Bargaining frictions, labor income taxation, and economic performance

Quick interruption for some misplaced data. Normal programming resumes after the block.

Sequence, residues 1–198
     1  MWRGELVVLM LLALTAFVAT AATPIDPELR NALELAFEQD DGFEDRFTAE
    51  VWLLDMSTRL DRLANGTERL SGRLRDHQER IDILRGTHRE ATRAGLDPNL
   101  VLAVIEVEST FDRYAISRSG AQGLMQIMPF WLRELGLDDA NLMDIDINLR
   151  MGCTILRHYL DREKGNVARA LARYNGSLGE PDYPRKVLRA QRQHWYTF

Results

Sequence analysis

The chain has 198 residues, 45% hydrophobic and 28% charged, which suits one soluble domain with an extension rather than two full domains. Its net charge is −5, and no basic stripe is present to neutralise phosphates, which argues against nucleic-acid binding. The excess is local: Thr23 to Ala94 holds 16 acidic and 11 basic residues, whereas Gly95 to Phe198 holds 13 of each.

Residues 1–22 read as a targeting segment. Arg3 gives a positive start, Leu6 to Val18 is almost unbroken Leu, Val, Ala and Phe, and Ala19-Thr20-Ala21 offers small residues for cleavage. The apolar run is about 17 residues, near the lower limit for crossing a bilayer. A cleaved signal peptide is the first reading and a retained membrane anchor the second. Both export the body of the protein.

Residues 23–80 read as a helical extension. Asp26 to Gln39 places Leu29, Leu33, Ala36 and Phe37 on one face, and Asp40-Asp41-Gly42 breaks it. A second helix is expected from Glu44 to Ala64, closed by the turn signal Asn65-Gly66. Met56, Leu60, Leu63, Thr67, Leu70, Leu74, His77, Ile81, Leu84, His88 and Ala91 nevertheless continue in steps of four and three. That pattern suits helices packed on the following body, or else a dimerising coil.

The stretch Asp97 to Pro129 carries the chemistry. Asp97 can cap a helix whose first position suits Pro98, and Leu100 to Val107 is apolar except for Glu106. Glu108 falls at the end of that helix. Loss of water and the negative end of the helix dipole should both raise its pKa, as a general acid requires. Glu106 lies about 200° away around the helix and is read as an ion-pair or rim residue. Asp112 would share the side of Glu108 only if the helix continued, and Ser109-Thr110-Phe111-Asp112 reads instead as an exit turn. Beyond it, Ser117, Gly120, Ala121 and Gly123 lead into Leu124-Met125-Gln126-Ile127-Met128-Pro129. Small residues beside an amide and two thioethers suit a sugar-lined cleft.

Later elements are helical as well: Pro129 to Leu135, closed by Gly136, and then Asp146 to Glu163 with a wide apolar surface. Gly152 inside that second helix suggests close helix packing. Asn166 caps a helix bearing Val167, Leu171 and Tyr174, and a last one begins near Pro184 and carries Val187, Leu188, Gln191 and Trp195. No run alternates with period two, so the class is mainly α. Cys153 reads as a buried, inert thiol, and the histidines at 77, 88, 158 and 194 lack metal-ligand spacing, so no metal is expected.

This paper is an attempt to explain differences in economic performance between a subset of OECD countries. We classify countries in terms of their degree of rigidity in the labor market, and use a matching model with labor/leisure choice, bargaining frictions, and labor income taxation to capture these rigidity differences. Added flexibility improves economic performance in different ways depending on whether income taxation is high or low. Feeding income taxation rates estimated from the countries at hand, we find that the model is able to replicate the observed rigidity levels. The model is also shown to reproduce well cross-country differences in non-employment population ratios and the share of part-time jobs. In the absence of rigidity differences, taxation shows little promise to replicate cross-country differences, as it has insufficient quantitative effects on production and productivity. However, the interaction of rigidity and income taxation is crucial in explaining the empirical patterns of the non-employment rate and of the share of part-time jobs.
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